Hit & Run: Your 24-Hour Source for Bleak Ironies


The Katmai National Park in Alaska has just seen its first fatal bear attack in at least 15 years. Among the victims: Timothy Treadwell, founder of the bear advocacy group Grizzly People.

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  1. Wow, we had an escaped gorilla, a tiger eating Roy, and now a bear attack. I guess we still have the shark and the rampaging bull elephant to go this month.

  2. apparently poor Timothy did not tread well that day

  3. Oddly enough!

  4. Did anyone ever consider that the gorilla, the tiger and this bear might not have been operating independantly? That these animals could be ‘sleeper agents’ operating as part of a global Anti-human terrorist network?

    Raise the terror-alert level! This is another shocking example of an intelligence and communications failure between the FBI and the SPCA. We should elinate the gap by moving the SPCA into the Department of Homeland Security. But above all, we need identify and track all non-human residents of North America and give law-enforcement agencies the powers to record communications and interactions between these dangerous agents.

    For the children.

  5. Ha ha. This guy’s got to be a shoe-in for this years Darwin awards.

  6. Don’t forget the other tiger attack in Harlem from this week.

  7. I am not surprised at all that the founder of Grizzly People got et by a bear. After all, he engaged in high risk behavior – hanging out in grizzly country while they are in their fall feeding frenzy – without taking elementary precautions – packing serious heat.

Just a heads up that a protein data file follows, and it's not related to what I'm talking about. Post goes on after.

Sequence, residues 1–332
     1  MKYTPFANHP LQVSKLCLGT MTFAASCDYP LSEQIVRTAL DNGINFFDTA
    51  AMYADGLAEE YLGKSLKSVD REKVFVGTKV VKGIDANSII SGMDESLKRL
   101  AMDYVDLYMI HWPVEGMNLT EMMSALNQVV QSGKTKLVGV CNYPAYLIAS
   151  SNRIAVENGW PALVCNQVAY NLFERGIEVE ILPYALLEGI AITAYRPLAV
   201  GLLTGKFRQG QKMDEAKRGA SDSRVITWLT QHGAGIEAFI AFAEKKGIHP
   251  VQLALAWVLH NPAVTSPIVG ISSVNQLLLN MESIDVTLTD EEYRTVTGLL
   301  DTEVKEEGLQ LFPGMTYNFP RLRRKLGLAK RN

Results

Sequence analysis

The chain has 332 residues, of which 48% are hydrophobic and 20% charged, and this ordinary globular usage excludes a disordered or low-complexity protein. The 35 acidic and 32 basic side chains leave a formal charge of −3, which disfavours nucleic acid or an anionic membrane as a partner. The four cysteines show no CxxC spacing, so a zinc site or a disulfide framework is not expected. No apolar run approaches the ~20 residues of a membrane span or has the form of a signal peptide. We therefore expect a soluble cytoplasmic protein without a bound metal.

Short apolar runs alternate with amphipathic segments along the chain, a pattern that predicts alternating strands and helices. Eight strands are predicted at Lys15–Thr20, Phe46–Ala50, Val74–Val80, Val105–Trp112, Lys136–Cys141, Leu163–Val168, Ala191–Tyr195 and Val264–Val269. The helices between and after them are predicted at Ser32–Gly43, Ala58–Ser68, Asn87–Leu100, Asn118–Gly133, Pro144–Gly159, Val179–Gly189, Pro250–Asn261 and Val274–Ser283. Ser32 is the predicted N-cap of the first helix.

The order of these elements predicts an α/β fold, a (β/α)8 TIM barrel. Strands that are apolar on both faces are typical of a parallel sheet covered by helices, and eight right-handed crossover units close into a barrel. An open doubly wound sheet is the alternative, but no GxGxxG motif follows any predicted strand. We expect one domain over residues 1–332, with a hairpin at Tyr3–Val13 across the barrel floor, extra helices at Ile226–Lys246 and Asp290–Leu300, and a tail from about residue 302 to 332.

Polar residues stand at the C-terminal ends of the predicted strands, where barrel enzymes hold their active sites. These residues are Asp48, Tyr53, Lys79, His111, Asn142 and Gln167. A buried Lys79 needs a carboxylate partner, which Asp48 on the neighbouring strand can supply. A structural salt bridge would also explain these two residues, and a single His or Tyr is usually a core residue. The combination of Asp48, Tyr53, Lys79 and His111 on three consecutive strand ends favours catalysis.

I note that on their website they talk about humans leaving in peace with the bear. That is all well and good, so long as the bear wants to live in peace with you. Unfortunately, grizzlies in particular often have a desire, not to live in peace with you, but to live off of the good pieces of you. Failure to recognize this reality had predictable results.

  8. This registers slightly lower on the Nelson Muntz scale than the Siegfried and Roy mauling. It would be quite a bit lower, if the guy hadn’t been a hippie. The Harlem incident is just too weird to fit on to any scale at all.

  9. I hope a newspaper headlines it “Grisly Mauling Of Grizzly Hugger.”

  10. Wow, very spiteful comments.
    I’m sure he knew what he was dealing with. I read his book, and even though his writing style sounded like an over enthusiastic 4th grader, he was likeable, knowledable, and head over heels in love with bears. He probably died the way he would’ve wanted to. What’s so wrong with that?

  11. How about “Bear Hugs Bear Hugger”

  12. The only way I would get within 50 yards of a Grizzly is with a fully loaded .308 Winchester. And I’d want a Colt Python as a back-up. Sorry, but Treadwell was asking to become an hors d’oeuvre. It was only a matter of time before the bears did what bears do.

  13. Send more enviro-geeks. The last 2 tasted great!

  14. Brad S. I guess the bear was a humanitarian.

  15. Poll question: Is this as ironic as Jim Fixx dying while out jogging?

    I once saw one of those old nature shows (Marlin Perkins maybe?) where a grizzly thought that a nearby badger would make a tasty snack.